to The Almighty while declaring everyone else as somehow inferior,
in that regard at least."
"I learned that Jews have a glib
way of characterizing and stigmatizing other racial groups (as
though being Jewish is a race) by referring to blacks as "schwarzes"or
gays as "feygales"or non-Jews as "goyim."
In short, my U.S. citizenship and belief in equal rights conflicted
"Insofar as Israel is concerned,
I wound up on the West Bank in the early '80s, way before the
Intifada began. I remember Jews there referring to the Palestinians
as vermin and scum. The Jews boasted that the Arabs were there
to do the hard labor, like construction and cleaning, for little
money. Basically, I could not reconcile the fact that these people
who proclaimed their distaste for slavery could in fact be the
ones perpetrating it on others."
"I left Israel abruptly after only
a few years there. I had met Ariel Sharon personally. He loved
to visit the settlement where I lived because that is where his
power base is located. His good-old-boy network of Jewish hit
men and terrorists who boobie trap Arab cars and do hit-and-run
shootouts is located there, and sadly they derive a large portion
of their funding from Jewish groups located in the U.S. who receive
tax-free status here."
"The beef among Arabs, whether it
is Al Queda or Hamas, is that Israel has been labeled a democracy
by the U.S., and they have been labeled terrorists. This is not
about religion; it is rather about saying what you mean and meaning
what you say."
"Sadly, though, the foreign policy
of the U.S. is to recognize Israel's right not only to exist but
to intimidate the Arabs around them for the sake of putting them
on notice that if they ever decide to cut off the oil then Israel
will ally itself with the U.S."
"This is a game, and it is sadly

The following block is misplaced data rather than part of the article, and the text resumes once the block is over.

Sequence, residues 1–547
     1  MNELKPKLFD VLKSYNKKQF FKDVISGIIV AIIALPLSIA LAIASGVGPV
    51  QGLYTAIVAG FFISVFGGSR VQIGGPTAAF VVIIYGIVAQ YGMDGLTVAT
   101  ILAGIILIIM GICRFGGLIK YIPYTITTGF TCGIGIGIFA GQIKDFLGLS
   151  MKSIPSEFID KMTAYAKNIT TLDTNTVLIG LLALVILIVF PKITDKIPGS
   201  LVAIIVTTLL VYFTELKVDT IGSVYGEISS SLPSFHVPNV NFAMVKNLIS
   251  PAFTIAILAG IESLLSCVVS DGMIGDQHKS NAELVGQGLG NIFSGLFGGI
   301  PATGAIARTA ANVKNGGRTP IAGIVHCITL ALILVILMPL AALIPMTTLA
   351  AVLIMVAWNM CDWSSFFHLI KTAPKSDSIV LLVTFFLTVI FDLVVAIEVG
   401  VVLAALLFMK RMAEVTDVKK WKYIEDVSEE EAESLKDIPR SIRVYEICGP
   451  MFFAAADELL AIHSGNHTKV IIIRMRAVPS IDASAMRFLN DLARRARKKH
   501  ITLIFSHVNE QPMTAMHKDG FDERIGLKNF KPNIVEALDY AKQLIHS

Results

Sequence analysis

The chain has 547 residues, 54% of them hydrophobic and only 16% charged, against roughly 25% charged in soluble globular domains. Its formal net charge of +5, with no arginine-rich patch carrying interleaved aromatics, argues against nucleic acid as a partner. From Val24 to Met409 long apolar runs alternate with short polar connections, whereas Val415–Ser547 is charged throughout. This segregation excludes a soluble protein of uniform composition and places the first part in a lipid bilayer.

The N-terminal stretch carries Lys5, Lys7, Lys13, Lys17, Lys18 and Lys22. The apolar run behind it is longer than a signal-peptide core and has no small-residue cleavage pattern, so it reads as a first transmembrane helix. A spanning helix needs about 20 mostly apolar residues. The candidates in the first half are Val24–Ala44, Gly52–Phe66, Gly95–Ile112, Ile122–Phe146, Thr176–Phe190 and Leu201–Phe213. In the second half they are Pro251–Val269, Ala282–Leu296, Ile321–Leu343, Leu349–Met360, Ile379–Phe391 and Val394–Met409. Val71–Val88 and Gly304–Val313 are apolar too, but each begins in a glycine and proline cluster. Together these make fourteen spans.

a game that has turned Jews into terrorists. Therefore, I decided
not to be Jewish, because I refuse to take part in this blood
for oil game. I believe in the right of all people to live in
peace, and insofar as that is concerned I have taken this position."
What I found most remarkable about this
letter is the writer's honesty. Too many American Jews, it seems
to me, march in lock step with the hardest of the Israeli hardliners.
It's the fear factor, I believe. They
go against their basic decent instincts and support a brutal regime
for fear of being criticized or ostracized as traitors. Peer pressure.
You see the same thing with Americans'
blind support of Bush's war policies.
"If you're not for us, you're against
us," Bush said, immediately making sheep out of otherwise
hard-nosed, independent-thinking Americans.
Driven by fear, masses of people can
do horrible things. Now is a good time to recall the admonition
of Franklin Delano Roosevelt, who said:
"The only thing we have to fear
is fear itself."
Roosevelt's warning was about the Great
Depression, but the words are appropriate now. Fear can turn us
all into "good Germans." We must resist it. We must
not let it turn us into sheep.
Harley Sorensen is a freelancer whose
work appears on sfgate.com on Mondays